Solidarity in need
Response to a call for help for the transatlantic paddler brought the hope that Olek’s idea will be realized. Ship owners and shippers, such as the Polish Maritime Shipping and Hartwig, immediately joined in the search for a ship in the ocean that could help the kayaker. Similarly, international maritime carriers joined in. Private individuals also offered support. One of them even wanted to inform the American or Canadian Coast Guard and immediately pull Olek out of the water, interpreting our messages as a life-threatening situation.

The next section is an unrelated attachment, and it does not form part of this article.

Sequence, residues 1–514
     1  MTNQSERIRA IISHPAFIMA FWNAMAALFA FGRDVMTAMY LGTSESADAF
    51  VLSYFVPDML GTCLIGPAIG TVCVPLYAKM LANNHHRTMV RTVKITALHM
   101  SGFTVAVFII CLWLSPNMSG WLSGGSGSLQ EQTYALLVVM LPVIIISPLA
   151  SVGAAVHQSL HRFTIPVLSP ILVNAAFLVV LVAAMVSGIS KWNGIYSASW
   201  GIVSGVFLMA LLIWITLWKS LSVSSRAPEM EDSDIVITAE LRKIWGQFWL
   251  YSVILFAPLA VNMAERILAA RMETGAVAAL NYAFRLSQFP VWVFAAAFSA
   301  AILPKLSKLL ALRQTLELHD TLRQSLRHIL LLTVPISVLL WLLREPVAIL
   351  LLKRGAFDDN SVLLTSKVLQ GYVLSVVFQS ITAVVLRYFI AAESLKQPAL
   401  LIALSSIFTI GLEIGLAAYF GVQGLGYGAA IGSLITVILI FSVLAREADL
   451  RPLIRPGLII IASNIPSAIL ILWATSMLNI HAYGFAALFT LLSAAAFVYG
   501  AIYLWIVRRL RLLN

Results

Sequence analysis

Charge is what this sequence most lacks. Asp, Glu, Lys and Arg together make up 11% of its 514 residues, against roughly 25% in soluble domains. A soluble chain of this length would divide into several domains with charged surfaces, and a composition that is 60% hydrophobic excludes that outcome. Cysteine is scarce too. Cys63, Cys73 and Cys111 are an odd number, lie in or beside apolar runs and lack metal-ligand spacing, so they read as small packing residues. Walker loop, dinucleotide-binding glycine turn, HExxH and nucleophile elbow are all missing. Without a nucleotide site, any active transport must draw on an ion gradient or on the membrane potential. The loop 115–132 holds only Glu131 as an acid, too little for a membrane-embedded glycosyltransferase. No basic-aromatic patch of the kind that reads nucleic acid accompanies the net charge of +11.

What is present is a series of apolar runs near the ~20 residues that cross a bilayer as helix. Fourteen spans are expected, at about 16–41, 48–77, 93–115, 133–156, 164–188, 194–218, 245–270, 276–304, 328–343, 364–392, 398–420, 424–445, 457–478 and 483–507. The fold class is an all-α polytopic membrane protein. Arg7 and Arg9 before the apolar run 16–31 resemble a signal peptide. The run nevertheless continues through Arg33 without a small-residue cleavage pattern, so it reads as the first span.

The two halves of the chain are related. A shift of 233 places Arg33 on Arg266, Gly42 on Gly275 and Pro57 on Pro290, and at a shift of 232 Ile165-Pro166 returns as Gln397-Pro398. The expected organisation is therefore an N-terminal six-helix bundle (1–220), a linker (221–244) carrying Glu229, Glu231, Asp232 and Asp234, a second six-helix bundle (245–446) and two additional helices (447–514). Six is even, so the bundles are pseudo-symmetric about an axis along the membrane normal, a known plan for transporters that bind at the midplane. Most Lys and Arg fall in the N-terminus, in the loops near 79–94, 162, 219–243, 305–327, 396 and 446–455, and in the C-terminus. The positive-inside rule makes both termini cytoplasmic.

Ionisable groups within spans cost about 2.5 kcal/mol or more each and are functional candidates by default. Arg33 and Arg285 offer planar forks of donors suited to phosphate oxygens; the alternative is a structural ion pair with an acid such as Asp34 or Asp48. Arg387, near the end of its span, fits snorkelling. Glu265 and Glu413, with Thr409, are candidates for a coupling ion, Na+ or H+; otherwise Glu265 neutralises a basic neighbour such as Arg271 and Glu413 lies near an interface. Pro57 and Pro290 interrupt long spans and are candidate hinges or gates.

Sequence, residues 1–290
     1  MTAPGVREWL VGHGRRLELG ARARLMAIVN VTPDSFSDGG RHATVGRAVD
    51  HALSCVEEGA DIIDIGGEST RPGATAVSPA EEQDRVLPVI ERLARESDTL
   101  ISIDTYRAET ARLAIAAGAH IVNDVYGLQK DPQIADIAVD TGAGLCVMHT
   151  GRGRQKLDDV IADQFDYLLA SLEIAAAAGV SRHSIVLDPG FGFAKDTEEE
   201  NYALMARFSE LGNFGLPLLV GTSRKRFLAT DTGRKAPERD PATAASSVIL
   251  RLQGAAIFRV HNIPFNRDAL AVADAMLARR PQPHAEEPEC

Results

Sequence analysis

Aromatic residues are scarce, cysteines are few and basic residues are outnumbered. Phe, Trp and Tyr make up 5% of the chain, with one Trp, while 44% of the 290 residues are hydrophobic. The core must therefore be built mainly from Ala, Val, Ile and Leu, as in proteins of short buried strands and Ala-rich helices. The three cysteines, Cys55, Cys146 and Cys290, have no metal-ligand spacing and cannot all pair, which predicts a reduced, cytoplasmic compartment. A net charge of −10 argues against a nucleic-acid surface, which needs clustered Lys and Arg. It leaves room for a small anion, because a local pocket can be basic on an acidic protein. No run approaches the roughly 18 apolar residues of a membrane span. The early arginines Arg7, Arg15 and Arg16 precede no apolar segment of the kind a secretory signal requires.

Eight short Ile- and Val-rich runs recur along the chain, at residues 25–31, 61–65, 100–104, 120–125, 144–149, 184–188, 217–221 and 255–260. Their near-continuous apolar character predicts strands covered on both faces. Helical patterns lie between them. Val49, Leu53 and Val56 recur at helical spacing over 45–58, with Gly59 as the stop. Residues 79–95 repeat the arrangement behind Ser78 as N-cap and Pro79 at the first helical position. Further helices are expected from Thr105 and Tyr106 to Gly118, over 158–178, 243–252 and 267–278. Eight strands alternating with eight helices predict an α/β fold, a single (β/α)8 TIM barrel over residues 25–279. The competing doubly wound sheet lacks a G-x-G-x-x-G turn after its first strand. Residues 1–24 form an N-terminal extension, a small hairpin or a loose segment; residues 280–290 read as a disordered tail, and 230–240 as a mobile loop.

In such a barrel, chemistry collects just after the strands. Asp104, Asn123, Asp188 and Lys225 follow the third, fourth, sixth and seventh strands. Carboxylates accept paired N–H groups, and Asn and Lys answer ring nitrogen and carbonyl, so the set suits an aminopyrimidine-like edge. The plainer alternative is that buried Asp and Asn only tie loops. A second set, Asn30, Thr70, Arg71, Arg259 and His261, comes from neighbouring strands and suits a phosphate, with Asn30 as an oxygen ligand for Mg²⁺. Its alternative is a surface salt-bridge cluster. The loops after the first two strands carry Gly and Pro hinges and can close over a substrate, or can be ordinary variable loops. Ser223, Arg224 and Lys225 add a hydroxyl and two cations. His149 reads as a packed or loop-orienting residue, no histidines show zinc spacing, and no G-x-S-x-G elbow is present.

Although the Atlantic is one of the most frequented waters, the area in which Olek was located seemed completely deserted. In that situation, the most realistic, though costly, solution was proposed by Bartek Dawidowski. The crew of trimaran Poly, which was scheduled to depart from the Bahamas on a cruise on the Atlantic on Friday, June 30, announced their willingness to change the earlier planned course, collect the necessary repair materials and equipment and head towards Olek’s location. It would take them about 10 days to reach him. Almost everything was ready, the trimaran was about to leave the marina, I was on my way to the bank to transfer money to Bartek’s account, when Bartosz Bilinski, a New York lawyer, sailing enthusiasts and founder of the Polish Club Yacht Club of New York called. He informed me that there was a ship near Olek and her owners and the crew were ready to change their course, fortunately only slightly, to reach kayaker’s position and help him. And one more thing, that the ship is called … nomen omen – “Baltic Light”.